Social media giant Meta and its Kenya-based content moderation partners, Sama and Majorel, are facing a new lawsuit in Kenya. In a petition filed today, 43 content moderators allege “unlawful termination” by Sama, whose contract with Meta comes to an end this month after shutting down its content review arm in January. They are also contesting alleged discrimination by Meta’s new content moderation partner, Majorel, who they claim has blacklisted all of Sama’s previous employees.
In a petition filed before the employment and labour relations court, the moderators claim Sama dismissed them in an unlawful manner, claiming that no redundancy notices were issued. The suit also claims, among other issues, that the moderators were not issued with a 30-day termination notice as is required by Kenyan law, and that their terminal dues were hinged on their signing of non-disclosure documents.
Further claims include that Meta has instructed its new Luxembourg-based partner, Majorel, to blacklist content moderators that previously worked at Sama. It said moderators applying for jobs at Majorel were “denied on the basis that they previously worked at the 3rd Respondent’s (Sama) facility.”
Court documents seen by TechCrunch claim that some of the 260 affected Sama content moderators were sourced from countries across Africa, and will be required to leave Kenya if they can’t secure employment after March 31st, when their contracts with Sama end.
However, Sama said it had: “followed Kenyan law in every aspect and often gone above and beyond what is required. We communicated the decision to discontinue content moderation in a town hall, followed by an email and notification letter.”
“We conducted a survey to collect questions and held multiple interactive consultative group sessions with employees to make this process and the compensation as clear as possible. No lawfully owed compensation is being withheld for any reason from any employee,” it said in a statement.
Sama, whose long list of clientele includes OpenAI, dropped Meta’s contract and content review services to concentrate on labeling work (computer vision data annotation), following the heat from a 2022 lawsuit in Kenya by its former content moderator, Daniel Motaung.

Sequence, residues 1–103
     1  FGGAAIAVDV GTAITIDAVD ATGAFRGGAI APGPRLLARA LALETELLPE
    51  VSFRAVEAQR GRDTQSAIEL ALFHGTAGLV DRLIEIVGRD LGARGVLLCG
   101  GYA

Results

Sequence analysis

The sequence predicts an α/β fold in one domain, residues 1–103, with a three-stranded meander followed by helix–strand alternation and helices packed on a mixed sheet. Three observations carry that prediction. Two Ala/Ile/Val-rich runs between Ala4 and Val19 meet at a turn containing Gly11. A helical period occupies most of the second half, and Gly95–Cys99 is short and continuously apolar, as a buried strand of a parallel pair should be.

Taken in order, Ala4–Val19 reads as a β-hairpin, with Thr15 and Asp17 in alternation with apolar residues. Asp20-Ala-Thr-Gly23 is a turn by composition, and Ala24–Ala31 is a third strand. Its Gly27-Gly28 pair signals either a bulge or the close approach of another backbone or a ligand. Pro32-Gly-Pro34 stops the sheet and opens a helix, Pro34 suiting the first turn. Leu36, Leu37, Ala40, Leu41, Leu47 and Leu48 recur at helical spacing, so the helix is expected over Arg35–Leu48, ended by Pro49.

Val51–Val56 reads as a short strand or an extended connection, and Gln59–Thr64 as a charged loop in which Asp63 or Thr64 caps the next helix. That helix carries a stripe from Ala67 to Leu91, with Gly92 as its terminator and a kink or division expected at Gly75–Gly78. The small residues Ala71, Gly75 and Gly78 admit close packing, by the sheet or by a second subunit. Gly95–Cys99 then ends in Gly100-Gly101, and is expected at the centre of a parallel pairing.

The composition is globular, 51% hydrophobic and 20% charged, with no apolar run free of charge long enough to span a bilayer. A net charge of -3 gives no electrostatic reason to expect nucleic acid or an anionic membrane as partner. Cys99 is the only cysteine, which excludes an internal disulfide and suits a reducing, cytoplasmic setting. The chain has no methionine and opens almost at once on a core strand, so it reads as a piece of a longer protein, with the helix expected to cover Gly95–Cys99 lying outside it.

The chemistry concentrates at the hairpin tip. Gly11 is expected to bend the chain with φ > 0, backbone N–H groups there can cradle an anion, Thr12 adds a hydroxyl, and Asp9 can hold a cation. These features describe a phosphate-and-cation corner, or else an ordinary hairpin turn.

Motuang, a South African, had accused Sama and Meta of forced labor and human trafficking, unfair labor relations, union busting and failure to provide “adequate” mental health and psychosocial support. He was allegedly laid off for organizing a 2019 strike and trying to unionize Sama’s employees.
“This is a union-busting operation masquerading as a mass redundancy. You can’t just switch suppliers and tell recruiters not to hire your workers because they are ‘troublemakers’ – that is, because they have the temerity to stand up for themselves,” said Cori Crider, a director of Foxglove, a tech justice nonprofit which is supporting the case.
The current suit is the third Meta is facing in Kenya, after another case was filed in December by Ethiopians over claims that the social media giant had failed to employ enough safety measures on Facebook, which, in turn, fueled the conflicts that have led to deaths, including the father of one of the petitioners, and 500,000 Ethiopians during the Tigray War that ended late last year.
The lawsuit claims the social site amplified hateful content and failed to hire enough personnel with an understanding of local languages to moderate content.
Updated to include a comment from Sama